Going from the first form of the code to the second was the essence of the structured programming movement. When OO came to be it felt out of fashion, but the OO people tend to only teach modelling on problems with really quite obvious decompositions, and as a result one doesn't learn this ability of noticing a data structure that could be formalized in a mess of straight-line code.

For very similar purpose I once defined a CircularIterator class (also in JS, where it's not available as itertools.cycle in Python for example) which wrapped any kind of collection and had next, prev, get and set methods (at the time I was yet to learn about Smalltalk's streams - the methods would be named like nextPut and next would have an optional argument, but I digress :)).

In essence it was exactly the same thing you did, but due to it being OO, I managed to reuse it quite a few times since (having something which cycles between three states on click is a breeze now). The thing here is that the problem of "wrapping" a sequence instead of throwing some kind of Out-of-bounds-the-sky-is-falling error is pretty common and it deserves generic solution. You - and structural programming, for that matter - trapped a solution to this problem inside a solution for carousel. That's exactly one of more important things OOP came to fix.

But I guess it's true that "the OO people tend to only teach modelling on problems with really quite obvious decompositions". I think nearly 100% of examples of OO in tutorials and books are completely useless and that there should be some major change in the way of teaching and thinking about OO. For me, that I managed to come up with a useful abstraction back then was pure luck. Later, when I saw Smalltalk - and worked in it for some time - I finally understood what OO is about and how beautifully it can simplify and generalize problems which would be one-off with procedural/structured programming.

What made you think the solution was trapped inside the carousel?

I understand what both of you are trying to say. Thanks for the answers. Yes, I'm applying that kind of thinking quite often myself. (I do Haskell at work, where these abstractions are particularly natural. No OOP necessary. )

There is CS61A for that, not even a specialized course of algorithms and data-structures.)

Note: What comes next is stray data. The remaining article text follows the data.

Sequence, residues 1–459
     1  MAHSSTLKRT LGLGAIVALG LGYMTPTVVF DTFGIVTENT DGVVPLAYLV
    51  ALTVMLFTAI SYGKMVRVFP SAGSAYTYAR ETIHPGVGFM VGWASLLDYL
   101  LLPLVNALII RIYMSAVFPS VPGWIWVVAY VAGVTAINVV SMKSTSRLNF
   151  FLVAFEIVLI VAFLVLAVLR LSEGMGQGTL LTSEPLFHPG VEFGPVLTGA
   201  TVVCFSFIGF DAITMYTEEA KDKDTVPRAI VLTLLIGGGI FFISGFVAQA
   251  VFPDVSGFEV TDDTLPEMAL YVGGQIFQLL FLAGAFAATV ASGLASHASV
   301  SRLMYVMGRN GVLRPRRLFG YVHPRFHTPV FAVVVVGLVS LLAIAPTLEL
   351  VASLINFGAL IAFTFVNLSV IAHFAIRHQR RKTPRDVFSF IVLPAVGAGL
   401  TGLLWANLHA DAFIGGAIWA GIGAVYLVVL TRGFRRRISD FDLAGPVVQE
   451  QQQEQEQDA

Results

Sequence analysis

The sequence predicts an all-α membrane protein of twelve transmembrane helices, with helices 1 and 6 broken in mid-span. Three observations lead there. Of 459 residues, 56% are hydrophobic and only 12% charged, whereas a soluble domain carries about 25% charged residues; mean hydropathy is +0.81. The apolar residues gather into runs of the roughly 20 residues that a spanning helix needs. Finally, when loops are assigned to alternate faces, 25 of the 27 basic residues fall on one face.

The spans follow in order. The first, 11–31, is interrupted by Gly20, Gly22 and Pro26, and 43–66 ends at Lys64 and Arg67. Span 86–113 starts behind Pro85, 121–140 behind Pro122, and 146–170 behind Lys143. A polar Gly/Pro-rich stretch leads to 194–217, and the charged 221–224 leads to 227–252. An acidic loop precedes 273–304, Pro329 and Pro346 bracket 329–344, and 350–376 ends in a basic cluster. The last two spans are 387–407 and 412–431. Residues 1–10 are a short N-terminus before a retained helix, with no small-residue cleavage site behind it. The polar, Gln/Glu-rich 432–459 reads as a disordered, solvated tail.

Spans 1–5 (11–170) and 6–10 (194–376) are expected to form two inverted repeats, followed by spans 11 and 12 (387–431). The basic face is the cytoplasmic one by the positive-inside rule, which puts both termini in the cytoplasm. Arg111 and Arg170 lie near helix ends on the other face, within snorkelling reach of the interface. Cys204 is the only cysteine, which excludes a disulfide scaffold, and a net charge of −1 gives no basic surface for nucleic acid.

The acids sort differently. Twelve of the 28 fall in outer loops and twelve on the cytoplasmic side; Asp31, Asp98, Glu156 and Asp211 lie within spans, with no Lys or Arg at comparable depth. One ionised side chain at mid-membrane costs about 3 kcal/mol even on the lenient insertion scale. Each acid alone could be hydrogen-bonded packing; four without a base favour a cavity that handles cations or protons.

Lists, being an "asymmetrical" recursive data structure, have O(1) time for adding an element to its head but O(n) time for sticking an element to its tail, and a search (for membership) would be O(n) in the worst case. Keeping the list pre-sorted would save some time.

In case one needs a quick (close to O(1)) look-up there are hash-tables. It is even funny to see that it comes as a surprise.)

As Brian Harvey explicitly mentioned few times, constant factors doesn't matter, while choosing appropriate data-structure could make a dramatic changes, such as changing form a linear time to near constant.

Another topic is about using non-memoized recursion, like in the classic case of a naive recursive function of computing Fibonacci numbers.

That is another proof that taking a decent introductory CS course (preferably, based on SICP) is the must for any person who for some reason decided to code.

I agree with your overall sentiment, but I have some objections with the specific things you are saying:

- SICP the book and the original MIT course that is available online do not cover data structures or algorithms very well, it isn't that much in the focus of the book, they implement a queue in one place from what I remember, there is some mention of big-oh, but it's all rather cursory. Thomas Cormen published "Algorithms Unlocked" recently, which seems like a good intro book for programmers who are not willing to devote a fraction of their life to studying the big Cormen book or Knuth.